Imagine you find a house for sale with a master-bedroom view of the surrounding garden. But what you really wanted was a view of the pond on the other side of the property where the birds and other wildlife flock. If you own the Rotating House in Wilton, Conn., that can be changed in about 50 minutes.
This entire house, a mid-century-modern classic designed by noted architect Richard T. Foster and built in 1968, sits like a flying saucer on a small pedestal, from which it rotates 360 degrees. "It's been written up all over the place," says the house's listing agent, JoAnne Fisher
of William Pitt/Sotheby's International Realty. "It was featured in House and Garden
magazine when [the magazine] was 65 cents."
The Rotating House is currently on the market for $1,750,000.
The price has been reduced from its earlier $2,295,000 listing
. But that's not a reflection on the house itself, which had its interior extensively renovated in 2005 (kitchen and bathrooms updated, walls removed) and is clearly a one-of-a-kind property. Instead, blame the price drop on the Great Recession and the fact that it has only three bedrooms. For the same price, Wilton's more traditional homes
and new "McMansions" have at least five bedrooms and four baths.
Foster's design premiered the same year as Stanley Kubrick's classic, head-tripping "2001: A Space Odyssey," and just a year before man walked on the moon. In that sense, the house is a stylistic time-capsule that's retro and futuristic at the same time.
Foster also collaborated on the design with legendary architect Philip Johnson, who designed the renowned Glass House in nearby New Canaan, Conn. This area, a bedroom community of New York, is home to many affluent residents and has given birth to numerous mid-century modern gems by master architects from Frank Lloyd Wright (the Sander House in Stamford) to Ludwig Mies Van Der Rohe (the legendary Farnsworth House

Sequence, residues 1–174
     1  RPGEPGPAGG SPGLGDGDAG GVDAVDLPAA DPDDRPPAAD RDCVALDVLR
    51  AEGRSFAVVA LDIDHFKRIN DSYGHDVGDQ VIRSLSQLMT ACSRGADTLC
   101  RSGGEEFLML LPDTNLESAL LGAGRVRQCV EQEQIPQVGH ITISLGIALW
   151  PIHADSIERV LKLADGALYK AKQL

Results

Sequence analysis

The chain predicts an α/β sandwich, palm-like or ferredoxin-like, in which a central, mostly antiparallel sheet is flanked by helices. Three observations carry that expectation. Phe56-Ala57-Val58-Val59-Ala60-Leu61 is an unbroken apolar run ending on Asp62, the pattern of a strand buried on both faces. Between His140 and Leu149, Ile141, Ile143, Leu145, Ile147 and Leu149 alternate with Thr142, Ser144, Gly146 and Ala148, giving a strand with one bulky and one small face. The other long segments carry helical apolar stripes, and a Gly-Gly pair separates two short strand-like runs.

in West Hartford).
The Rotating House belongs to a small class of modernist properties designed in the 1960s, when the boxy quality of early modernism -- exemplified in the Case Study houses of Los Angeles or in Van Der Rohe's designs -- gave way to something more animated and futuristic. That often meant the clean lines of modern were applied to more organic, curvy shapes, and there was briefly a proliferation of circular houses. They include the Mayes Residence
in Glen Ellyn, Ill. designed by Wright protégé Don Erickson; the Malin Residence in Los Angeles (aka "Chemosphere
"), by John Lautner; and the Zidell House in Portland, Ore. by Saul Zaik
(built for a shipbuilding tycoon using a ship's mast).
You could also place the Wilton house with some commercial buildings of the era, parts of which also turned: the now-demolished Landmark Hotel in Las Vegas (commissioned by Howard Hughes); the Space Needle in Seattle (built for the 1962 World's Fair); La Ronde atop Honolulu's Ala Moana Building (thought to be the first rotating restaurant); The Sun Dial Restaurant atop Atlanta's Peachtree Plaza Hotel, and Toronto's CN Tower.
For all its modernist pedigree and the novelty of its rotation, though, the house at its best is really about simpler functions and pleasures, like natural light and views. The residence has floor-to-ceiling glass on the entire perimeter; the views of the property's four acres of rural countryside, and beyond, are continuous and massive, like a 360-degree IMAX screen.
"I believe this house should be bought by someone who is a collector of art," its listing agent adds. "It's just a piece of architecture that is a real collector's item. And in this market, where the prices are so much more reasonable, it's only going to get better."
A video on Yahoo's online style magazine, Shine, offers a peek
. "Out with the square and in with the round," offers the host cheerfully.
See more homes for sale in Wilton, Conn. at AOL Real Estate.